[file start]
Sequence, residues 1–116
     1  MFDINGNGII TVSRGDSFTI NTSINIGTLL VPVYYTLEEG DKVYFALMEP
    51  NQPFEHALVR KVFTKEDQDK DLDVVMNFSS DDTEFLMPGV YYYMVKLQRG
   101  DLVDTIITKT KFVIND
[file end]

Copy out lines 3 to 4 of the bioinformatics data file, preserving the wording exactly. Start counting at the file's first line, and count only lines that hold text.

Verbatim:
    51  NQPFEHALVR KVFTKEDQDK DLDVVMNFSS DDTEFLMPGV YYYMVKLQRG
   101  DLVDTIITKT KFVIND